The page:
The statement puts the findings in context: “These HIV incidence rates are comparable to those seen in young women in these countries in other trials and contexts. What is notable, though, is that many trials with comparable incidence rates recruited women with specific HIV risk factors, such as numbers of partners, sex work, sexually transmitted infections, etc.
“In Echo, HIV risk factors were not part of enrolment criteria,” reads the statement in part. In the Echo study, the only sexual behavioral eligibility criterion was being sexually active. This makes the high rates of HIV infection seen in this general population alarming.
All the participants in the clinical trial were sexually active young women looking for contraception.
“ECHO gives a stark picture of the risk facing these young women. HIV prevention services must meet them where they are—in contraceptive clinics and other related services. The women in this trial are our sisters and daughters and mothers who were simply seeking contraception,” says Lillian Mworeko, executive director of the International Community of Women Living with HIV/Aids Eastern Africa.
Mworeko is also the co-chair, with Avac, of the Civil Society HC-HIV Advocacy working group in Africa.
She added: “It is a wake-up call to put HIV prevention on-site at every family planning clinic, including Pre-Exposure Prophylaxis [Prep] and female condoms with peer support and trained providers.”
According to FP 2020 executive director Beth Schlacheter, the results are a call to work together to ensure that services are provided to the benefit of women and girls.
She said: “Women mostly get HIV or fall pregnant through sex, yet these issues have been treated separately….we know from this trial that contraceptive methods are safe and at this point you have our commitment from FP 2020 to work from what has come from Echo in the coming years,” she said.
“The key question about DMPA has been answered but that does not mean the method can continue to dominate women’s contraceptive programmes in East and Southern Africa,” said the Civil Society Advocacy Working Group
Schlacheter does not believe that DMPA should continue to be the only long acting method.
“The women, who want choices and deserve equity with high quality contraceptive programmes in high income countries,” she says.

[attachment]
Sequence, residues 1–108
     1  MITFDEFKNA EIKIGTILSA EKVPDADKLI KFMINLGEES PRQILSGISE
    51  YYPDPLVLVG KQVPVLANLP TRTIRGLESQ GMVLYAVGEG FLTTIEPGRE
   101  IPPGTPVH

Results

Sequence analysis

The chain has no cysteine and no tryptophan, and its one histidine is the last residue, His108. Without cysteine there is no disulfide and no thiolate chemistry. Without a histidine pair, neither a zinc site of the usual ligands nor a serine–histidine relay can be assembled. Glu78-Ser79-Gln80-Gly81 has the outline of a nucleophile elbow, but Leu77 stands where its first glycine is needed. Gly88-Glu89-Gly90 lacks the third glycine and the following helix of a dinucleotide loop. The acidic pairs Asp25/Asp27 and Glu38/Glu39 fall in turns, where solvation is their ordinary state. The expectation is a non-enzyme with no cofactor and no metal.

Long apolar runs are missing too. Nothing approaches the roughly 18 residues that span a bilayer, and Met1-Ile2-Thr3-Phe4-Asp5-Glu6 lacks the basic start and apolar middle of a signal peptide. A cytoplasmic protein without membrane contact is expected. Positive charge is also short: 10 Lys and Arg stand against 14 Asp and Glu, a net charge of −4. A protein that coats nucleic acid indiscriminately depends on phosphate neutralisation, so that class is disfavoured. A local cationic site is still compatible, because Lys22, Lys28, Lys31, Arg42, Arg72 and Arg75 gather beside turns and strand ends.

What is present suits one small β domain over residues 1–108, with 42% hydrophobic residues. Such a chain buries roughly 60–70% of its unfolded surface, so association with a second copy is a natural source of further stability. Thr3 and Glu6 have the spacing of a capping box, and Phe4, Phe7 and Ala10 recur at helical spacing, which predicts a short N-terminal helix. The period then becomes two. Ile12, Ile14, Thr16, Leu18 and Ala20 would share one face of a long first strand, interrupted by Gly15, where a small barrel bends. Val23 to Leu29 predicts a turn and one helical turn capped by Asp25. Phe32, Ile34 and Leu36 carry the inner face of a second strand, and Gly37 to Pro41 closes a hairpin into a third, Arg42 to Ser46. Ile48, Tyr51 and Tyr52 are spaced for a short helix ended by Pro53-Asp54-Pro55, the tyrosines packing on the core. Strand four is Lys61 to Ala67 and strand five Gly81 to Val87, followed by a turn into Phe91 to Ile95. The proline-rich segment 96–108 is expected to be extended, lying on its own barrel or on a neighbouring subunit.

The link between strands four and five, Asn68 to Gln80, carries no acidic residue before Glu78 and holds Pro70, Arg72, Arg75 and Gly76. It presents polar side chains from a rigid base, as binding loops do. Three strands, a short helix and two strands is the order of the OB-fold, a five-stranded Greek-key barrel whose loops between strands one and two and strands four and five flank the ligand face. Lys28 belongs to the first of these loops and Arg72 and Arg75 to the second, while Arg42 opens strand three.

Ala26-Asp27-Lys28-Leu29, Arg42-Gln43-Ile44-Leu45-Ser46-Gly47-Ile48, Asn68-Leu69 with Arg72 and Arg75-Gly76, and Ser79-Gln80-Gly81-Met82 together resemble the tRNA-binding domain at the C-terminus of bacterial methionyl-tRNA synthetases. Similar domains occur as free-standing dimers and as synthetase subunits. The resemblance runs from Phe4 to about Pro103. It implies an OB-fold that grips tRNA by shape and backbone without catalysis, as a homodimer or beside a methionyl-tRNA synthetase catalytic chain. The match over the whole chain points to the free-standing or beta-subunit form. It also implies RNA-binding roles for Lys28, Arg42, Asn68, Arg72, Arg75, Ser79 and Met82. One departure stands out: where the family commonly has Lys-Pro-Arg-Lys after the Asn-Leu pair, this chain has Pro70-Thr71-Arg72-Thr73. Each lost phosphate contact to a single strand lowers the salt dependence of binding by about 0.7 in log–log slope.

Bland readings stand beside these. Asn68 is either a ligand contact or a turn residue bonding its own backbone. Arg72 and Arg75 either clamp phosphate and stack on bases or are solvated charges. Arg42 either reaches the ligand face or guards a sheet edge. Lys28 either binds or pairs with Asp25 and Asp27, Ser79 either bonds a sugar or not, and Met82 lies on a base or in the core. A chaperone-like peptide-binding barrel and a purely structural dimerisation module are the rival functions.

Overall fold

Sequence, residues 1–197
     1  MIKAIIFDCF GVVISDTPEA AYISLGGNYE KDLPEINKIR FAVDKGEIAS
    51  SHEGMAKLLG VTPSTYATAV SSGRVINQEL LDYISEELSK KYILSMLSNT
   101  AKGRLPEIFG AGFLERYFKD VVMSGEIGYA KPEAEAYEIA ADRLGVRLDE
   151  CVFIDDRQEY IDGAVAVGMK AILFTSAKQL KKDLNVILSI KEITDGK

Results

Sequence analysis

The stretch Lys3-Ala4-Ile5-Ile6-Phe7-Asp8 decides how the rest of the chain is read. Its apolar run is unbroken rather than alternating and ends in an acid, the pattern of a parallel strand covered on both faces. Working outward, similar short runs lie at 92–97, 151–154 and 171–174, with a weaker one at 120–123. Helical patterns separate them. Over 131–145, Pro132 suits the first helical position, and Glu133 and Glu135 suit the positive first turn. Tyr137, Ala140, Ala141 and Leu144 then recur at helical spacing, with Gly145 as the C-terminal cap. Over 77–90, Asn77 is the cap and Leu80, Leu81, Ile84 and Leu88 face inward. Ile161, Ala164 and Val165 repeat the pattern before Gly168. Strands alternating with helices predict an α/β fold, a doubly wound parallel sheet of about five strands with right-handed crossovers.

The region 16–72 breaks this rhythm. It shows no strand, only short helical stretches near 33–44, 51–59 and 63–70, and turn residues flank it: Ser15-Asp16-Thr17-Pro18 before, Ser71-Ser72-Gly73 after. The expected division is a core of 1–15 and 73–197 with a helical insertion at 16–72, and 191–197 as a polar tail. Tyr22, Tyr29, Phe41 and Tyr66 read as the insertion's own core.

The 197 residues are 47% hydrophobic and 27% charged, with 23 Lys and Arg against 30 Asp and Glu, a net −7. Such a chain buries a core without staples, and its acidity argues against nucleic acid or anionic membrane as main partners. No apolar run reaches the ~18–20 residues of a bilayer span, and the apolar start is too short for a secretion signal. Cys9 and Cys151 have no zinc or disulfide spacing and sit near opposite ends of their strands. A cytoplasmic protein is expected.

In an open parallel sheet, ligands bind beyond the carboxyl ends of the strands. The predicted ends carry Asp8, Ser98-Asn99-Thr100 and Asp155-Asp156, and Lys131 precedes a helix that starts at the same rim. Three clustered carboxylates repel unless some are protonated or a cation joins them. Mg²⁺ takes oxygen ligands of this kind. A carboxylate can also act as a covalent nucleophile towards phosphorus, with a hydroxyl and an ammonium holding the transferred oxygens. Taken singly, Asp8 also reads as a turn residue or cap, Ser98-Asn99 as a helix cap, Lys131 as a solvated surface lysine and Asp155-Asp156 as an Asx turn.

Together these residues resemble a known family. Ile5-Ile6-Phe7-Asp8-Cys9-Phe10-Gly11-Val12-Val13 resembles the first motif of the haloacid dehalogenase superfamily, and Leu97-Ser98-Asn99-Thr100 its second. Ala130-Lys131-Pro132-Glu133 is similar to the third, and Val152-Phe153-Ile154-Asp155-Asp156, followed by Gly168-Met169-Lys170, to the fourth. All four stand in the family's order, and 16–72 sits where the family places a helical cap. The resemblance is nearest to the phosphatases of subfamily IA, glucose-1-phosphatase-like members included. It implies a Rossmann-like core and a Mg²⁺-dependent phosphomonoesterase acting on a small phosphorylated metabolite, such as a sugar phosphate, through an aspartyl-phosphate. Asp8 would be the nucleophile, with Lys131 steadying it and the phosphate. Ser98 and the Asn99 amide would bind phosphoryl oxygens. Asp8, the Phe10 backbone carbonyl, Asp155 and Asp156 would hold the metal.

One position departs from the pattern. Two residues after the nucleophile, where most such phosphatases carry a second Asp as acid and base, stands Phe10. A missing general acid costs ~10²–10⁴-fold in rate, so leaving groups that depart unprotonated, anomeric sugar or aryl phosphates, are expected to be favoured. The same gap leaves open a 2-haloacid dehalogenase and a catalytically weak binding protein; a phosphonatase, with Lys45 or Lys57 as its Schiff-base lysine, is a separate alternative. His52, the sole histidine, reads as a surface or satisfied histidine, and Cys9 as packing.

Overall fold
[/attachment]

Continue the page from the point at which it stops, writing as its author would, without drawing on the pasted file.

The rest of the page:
The Civil Society working group further notes that throughout the Echo trials, the risks of unplanned pregnancy and HIV were pitted against each other by scientists and normative agencies.
Now is the time for integration. This has to include investigation, more research on how to deliver services that meet contraceptive and HIV needs well.
It’s been observed that in east and southern Africa women who need contraceptives do not have enough choice on what to use, in most cases methods like injectable are just imposed on them.
James Kiarie, coordinator of human reproduction research at the World Health Organisation (WHO), is pleased that these contraceptive methods have proven to be safe and efficient.
As WHO is planning for its a response to the new evidence, he says it has some considerations in place.
“The first one is that women and girls should have a wide choice to safe contraceptives and the second consideration is that there is need to step up HIV prevention efforts, particularly for young women and girls,” he explains.
Kiarie discloses that although the results are reassuring, the WHO will still have its experts to review the results in its entirety to revise recommendations to countries.
“WHO will also support countries to strengthen their HIV and sexual reproductive health integration. We will have a meeting with 14 high burdened countries where all these issues will be discussed,” he says. n
Josephine Chinele is a Biomedical HIV prevention Advocate, 2019 AVAC fellow working for Pakachere Institute of Health and Development Communication